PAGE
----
GlobeGifSmallest A personal project I’m excited to have recently completed is this hand-painted globe of animal migration routes. Two of my greatest interests in art (and life in general) are biodiversity and cartography, so I was thrilled when this idea came to me, and I’m just as happy with the results. As with many of my self-motivated pieces, this globe required hours of research, but the chance to learn something new and fascinating was rewarding in itself. Until this project, I had no idea how far some birds flewthe Arctic Tern goes between Greenland and Antarctica each year, and the Bar-Tailed Godwit travels between China, Alaska, and New Zealand. Even migratory journeys that I already knew about felt all the more incredible when mapped out on a globe. If you would like to see it up close and personal, the globe is displayed at our Baltimore store.
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Posted in around the shop, Art

Artist Spotlight: Beth Hoeckel

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Beth Hoeckel is a multidisciplinary artist from Baltimore. She received her BFA from The School of the Art Institute of Chicago, and spent time in New York, Los Angeles, and abroad before returning to Baltimore. She creates mixed media paintings and collages that invoke a mixture of human emotionsfrom comfort to trepidation, from nostalgia to mystery.

What is your process when it comes to making each piece? Where do you find the images for your collage work? Since you also do your own photography, do you ever incorporate those into your collages?

My process is purely intuitive. Most of the images I use are from vintage publications such as National Geographic’s from the 1950’s/60’s, but isn’t limited to any certain type of magazine. I also use books or found papers. The only limitation is that it has to be old. I have tried to play around with using my own photographs without much success but maybe will try something like that again in the future, I haven’t ruled it out.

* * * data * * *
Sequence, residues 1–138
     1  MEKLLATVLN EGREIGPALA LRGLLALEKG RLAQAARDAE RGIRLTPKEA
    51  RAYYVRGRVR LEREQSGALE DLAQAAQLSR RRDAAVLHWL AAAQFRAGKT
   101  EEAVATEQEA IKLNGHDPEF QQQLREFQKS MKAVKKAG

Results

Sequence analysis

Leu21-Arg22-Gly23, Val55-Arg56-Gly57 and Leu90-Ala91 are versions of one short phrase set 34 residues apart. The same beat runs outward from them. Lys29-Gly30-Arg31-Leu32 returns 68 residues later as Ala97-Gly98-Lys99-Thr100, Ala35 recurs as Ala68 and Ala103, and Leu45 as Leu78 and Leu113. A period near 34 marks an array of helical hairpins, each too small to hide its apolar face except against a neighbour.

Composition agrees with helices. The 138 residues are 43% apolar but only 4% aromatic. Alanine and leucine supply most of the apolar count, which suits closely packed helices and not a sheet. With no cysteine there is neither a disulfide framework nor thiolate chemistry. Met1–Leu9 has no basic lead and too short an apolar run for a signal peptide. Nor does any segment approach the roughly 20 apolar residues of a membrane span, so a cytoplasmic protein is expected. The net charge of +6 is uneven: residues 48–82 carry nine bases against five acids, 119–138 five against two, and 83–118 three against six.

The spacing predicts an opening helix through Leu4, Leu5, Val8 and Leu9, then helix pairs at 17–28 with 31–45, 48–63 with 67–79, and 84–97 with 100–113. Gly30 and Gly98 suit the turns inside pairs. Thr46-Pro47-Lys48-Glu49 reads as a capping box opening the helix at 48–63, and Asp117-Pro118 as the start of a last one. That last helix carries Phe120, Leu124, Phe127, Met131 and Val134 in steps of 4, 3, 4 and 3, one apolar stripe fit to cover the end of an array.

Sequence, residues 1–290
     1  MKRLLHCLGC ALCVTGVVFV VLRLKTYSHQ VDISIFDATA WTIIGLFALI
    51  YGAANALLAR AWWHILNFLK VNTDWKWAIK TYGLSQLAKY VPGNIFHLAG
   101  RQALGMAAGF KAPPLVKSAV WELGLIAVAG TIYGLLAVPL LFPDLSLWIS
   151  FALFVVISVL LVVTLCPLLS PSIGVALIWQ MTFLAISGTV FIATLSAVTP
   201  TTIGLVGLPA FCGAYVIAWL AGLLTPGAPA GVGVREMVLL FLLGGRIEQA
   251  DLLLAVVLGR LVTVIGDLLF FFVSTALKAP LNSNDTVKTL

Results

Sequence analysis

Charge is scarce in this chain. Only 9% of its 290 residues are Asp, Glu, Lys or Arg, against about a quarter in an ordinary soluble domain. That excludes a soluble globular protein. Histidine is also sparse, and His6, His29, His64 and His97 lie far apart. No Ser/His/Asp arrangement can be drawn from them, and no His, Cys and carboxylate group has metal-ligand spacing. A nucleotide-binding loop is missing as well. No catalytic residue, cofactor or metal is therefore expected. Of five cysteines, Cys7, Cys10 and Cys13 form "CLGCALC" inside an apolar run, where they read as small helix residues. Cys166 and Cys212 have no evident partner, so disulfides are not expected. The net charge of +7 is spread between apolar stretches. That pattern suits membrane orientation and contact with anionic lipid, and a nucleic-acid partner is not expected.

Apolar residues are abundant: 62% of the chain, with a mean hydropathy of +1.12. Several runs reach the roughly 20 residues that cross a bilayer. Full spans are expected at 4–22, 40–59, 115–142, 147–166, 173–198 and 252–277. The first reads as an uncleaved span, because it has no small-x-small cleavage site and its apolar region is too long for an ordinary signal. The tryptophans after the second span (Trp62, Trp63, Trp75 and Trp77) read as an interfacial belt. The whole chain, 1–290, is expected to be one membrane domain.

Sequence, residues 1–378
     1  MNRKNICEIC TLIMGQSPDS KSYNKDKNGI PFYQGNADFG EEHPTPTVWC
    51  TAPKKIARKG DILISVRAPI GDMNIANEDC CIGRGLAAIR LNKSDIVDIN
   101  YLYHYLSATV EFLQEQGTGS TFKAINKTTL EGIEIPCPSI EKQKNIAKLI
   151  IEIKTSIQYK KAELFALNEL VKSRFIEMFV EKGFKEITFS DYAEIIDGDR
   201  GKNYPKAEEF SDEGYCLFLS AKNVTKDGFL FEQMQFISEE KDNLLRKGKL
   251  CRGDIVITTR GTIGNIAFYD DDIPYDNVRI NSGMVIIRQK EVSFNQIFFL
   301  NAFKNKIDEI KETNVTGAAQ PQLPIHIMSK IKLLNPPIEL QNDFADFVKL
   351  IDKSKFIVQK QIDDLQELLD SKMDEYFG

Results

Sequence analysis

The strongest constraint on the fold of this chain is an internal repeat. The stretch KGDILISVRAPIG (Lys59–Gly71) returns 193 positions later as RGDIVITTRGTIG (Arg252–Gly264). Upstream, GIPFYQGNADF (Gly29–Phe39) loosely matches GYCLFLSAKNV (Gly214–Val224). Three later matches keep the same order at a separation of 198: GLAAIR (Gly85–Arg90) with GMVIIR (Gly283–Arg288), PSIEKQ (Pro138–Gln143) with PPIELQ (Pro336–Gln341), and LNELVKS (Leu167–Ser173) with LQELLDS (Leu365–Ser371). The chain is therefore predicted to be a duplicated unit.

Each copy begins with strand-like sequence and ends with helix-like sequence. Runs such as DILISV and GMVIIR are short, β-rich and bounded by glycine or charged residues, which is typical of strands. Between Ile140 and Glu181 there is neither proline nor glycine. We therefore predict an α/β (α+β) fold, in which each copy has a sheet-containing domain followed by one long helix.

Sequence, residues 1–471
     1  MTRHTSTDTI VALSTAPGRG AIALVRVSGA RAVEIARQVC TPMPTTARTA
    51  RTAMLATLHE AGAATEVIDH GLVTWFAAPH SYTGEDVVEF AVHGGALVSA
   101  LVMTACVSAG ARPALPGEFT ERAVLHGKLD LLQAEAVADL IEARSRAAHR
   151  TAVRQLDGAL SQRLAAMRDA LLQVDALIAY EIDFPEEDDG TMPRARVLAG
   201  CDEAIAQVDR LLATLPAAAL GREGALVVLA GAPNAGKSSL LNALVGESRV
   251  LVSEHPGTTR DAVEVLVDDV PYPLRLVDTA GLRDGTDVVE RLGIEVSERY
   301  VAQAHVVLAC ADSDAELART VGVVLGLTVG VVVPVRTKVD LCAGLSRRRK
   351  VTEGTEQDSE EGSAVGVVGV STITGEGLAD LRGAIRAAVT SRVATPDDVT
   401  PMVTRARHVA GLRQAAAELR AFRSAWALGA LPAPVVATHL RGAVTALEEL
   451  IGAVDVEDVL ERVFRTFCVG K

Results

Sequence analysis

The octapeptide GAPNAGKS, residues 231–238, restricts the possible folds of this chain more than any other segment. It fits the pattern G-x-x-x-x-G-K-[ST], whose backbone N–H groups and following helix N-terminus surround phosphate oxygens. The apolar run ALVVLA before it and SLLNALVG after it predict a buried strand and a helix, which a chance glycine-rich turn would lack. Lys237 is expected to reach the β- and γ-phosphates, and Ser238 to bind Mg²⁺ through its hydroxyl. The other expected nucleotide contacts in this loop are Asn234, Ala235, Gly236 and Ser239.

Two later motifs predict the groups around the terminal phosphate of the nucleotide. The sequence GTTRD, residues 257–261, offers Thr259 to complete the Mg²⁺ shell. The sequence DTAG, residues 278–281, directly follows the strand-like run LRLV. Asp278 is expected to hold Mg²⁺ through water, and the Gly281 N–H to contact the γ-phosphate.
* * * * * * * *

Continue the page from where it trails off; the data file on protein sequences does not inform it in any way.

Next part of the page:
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The combinations in your collages are strikingly well-paired. Do you find that some pieces come to you very quickly, while others end up being labored over? Is there any correlation in your mind between how much you like a piece and how much difficulty it gave you?

Yes some do come very quickly, and yes some do have to be labored over. It’s often a right-place-right-time situation. Sometimes things happen accidentally too, like I’ll be moving stuff around and something falls into place and I’ll just be like oh that’s perfect. No, there is no correlation there. Actually most of my favorite pieces are the simplest ones.

Your artwork frequently features human figures, but rarely shows an un-obscured face. In my mind, the image of another human is comforting as the viewer, but the lack of faces feels slightly frightening. I can’t decide if I see myself as one of the figures, or if the figures read as strangers to me.  Do you have any specific intention in doing this?  

That is pretty much the point. Each viewer can project their own feelings into it. I do have specific intention in doing this. If a facial expression is there, it’s all laid out for you. It’s obvious. I want it to be mysterious and thought provoking.

foliage How has your artwork changed over the years? On your website you have your artwork neatly grouped off according to medium and visual themes–do these groups also reflect your development chronologically? Or are you constantly working on several things at once?

I usually do work on a few different projects at once. In my studio I have a separate desk for collage and a desk for painting/drawing. Sometimes I mix the two. I have my site separated into sections because there is so much that it would all be a huge nonsensical jumble if it was all grouped together. It makes it easier for me to find my own things, too. They’re not in chronological order. I still work on most of those projects, and add new things to some of the older pages.

Do you have a studio here in the city, and if so where are you located? How has living in Baltimore influenced your art, in comparison to Chicago, New York, Los Angeles, and your time abroad?

Yes, I live in my studio in the City Arts building. I think the main way Baltimore has influenced my art is that I have more time to make it. And now that I’m a bit more grounded here, that makes it easier for me to focus on work.

Prints of Hoeckel’s artwork can be purchased at Trohv. To view more of her work, visit her website at bethhoeckel.com